Re: About Linux
JM Casey <crystallogic@...>
Good post. That said, I don't know how much things have changed, but when I was using a Linux box in 2008 or so, I had a hell of a battle with orca. Always crashing. And Gnome was the only desktop GUI environment it actually worked in. Someday I'd like to give it another go, as I really like Linux in theory -- just seemed to be spending more time trying to fix things than actually accomplishing stuff with the oS.toggle quoted messageShow quoted text
From: email@example.com [mailto:firstname.lastname@example.org] On Behalf Of Antony Stone
Sent: May 23, 2018 4:58 AM
Subject: Re: [nvda] About Linux
You do not have to use the command line on Linux unless you want to.
There are many distributions which provide a graphical environment from the default installation, and although you can open a command shell to type things if you want to, you can do this in MS Windows too - it doesn't mean that you have to.
There are Linux distributions with accessible installers providing speech output, and there is a screenreader (Orca) for working with both Braille and speech for graphical applications.
You cannot install NVDA or other MS Windows applications under Linux, but you can't install them under Mac OSX either. That doesn't mean a Mac is worse than Windows - it just means they're different from each other.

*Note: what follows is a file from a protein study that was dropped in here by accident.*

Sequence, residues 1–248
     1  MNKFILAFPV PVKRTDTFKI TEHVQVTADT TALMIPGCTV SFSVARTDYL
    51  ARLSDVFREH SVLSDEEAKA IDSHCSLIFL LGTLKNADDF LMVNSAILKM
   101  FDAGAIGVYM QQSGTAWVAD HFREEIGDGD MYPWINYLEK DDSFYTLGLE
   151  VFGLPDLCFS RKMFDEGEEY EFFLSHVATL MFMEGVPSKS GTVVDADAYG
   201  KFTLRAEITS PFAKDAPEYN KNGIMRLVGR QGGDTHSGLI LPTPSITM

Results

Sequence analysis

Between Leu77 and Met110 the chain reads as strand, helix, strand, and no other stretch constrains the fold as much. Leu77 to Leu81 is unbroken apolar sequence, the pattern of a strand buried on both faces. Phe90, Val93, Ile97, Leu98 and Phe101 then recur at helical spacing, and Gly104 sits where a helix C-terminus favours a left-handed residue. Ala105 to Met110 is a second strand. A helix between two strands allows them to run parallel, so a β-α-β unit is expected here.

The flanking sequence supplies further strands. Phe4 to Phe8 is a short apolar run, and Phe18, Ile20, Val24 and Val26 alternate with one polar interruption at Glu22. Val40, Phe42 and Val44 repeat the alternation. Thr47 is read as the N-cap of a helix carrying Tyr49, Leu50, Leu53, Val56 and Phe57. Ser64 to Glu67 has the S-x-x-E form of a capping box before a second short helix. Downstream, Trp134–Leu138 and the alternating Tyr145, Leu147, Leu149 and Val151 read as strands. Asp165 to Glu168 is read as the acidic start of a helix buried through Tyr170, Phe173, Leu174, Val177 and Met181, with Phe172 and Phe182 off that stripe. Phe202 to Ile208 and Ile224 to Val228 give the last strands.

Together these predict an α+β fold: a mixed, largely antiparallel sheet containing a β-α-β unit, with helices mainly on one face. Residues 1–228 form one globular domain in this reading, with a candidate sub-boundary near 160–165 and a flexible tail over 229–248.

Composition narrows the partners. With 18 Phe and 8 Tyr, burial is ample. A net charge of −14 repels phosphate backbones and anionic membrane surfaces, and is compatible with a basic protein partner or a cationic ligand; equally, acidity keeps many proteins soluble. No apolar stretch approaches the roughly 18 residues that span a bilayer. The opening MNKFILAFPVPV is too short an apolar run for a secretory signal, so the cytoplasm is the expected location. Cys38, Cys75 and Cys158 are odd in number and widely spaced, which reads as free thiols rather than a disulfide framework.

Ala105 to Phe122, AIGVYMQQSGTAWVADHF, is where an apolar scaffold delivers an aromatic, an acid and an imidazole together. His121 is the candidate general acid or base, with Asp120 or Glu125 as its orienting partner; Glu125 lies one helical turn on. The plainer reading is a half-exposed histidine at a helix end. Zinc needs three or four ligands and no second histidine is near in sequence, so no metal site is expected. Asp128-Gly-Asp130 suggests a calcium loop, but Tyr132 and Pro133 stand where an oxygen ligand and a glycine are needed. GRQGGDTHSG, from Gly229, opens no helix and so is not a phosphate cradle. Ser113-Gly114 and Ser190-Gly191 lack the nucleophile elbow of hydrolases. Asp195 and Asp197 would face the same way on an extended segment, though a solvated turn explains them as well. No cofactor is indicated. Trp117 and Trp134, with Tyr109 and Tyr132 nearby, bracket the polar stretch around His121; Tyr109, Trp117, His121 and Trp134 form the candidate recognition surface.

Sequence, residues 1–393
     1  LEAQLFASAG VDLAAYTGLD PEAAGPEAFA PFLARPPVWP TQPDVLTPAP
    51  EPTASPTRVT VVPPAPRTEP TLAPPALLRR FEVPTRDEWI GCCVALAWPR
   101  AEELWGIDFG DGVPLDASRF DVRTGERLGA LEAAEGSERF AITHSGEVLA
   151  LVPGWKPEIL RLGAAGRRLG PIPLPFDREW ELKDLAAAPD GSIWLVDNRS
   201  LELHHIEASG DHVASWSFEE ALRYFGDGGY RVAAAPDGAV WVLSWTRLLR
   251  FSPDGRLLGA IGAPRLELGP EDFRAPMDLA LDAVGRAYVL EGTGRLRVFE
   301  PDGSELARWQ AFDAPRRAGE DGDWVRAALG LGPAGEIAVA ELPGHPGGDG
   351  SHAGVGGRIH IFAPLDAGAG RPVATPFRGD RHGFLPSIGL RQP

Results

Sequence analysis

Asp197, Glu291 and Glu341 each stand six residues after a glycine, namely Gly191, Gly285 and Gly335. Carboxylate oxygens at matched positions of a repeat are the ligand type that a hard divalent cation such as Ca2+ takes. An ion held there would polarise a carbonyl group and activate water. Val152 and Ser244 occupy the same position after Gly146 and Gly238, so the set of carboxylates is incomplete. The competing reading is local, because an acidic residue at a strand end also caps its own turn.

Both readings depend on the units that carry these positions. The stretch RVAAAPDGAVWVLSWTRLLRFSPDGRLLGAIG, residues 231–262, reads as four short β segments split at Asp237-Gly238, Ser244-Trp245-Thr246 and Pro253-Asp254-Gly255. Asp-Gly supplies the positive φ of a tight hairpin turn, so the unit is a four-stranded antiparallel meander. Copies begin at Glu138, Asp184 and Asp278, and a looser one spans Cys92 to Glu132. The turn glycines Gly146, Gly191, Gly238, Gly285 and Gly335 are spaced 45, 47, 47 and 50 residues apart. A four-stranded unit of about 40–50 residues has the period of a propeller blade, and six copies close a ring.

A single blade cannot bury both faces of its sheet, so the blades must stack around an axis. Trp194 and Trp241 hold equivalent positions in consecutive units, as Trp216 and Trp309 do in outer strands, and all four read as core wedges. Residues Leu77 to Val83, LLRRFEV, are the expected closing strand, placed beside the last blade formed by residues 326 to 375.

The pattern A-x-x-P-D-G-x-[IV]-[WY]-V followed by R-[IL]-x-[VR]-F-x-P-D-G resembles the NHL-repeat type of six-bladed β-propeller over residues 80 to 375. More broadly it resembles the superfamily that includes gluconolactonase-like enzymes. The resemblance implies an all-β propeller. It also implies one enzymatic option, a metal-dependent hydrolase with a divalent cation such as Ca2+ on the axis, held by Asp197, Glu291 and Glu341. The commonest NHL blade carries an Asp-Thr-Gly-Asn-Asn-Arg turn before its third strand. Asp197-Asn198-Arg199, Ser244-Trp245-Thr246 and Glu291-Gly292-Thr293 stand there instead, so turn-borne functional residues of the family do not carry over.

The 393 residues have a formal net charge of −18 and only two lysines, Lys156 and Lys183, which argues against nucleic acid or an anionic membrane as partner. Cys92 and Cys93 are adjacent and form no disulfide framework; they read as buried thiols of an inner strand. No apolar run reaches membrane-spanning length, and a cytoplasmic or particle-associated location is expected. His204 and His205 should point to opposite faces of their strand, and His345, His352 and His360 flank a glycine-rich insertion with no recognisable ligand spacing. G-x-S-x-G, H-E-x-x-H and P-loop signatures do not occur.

It doesn't mean you can't install Firefox - you just have to install the Linux or OSX version instead of the Windows version. It does mean you cannot use NVDA, but you can use another screenreader instead (Orca for Linux, Voiceover for Mac OSX).
Linux is different. Mac OSX is different. Some people prefer them; it's a personal choice.
Please don't mislead people by suggesting that they are worse just because you can't install the same applications as you can on Windows. You might just as well say that Windows is worse than Linux because it doesn't support all the Linux applications that are available.
On Wednesday 23 May 2018 at 10:44:01, zahra wrote:
I want to build a machine that will be proud of me.
- Danny Hillis, creator of The Connection Machine
Please reply to the list;
please *don't* CC me.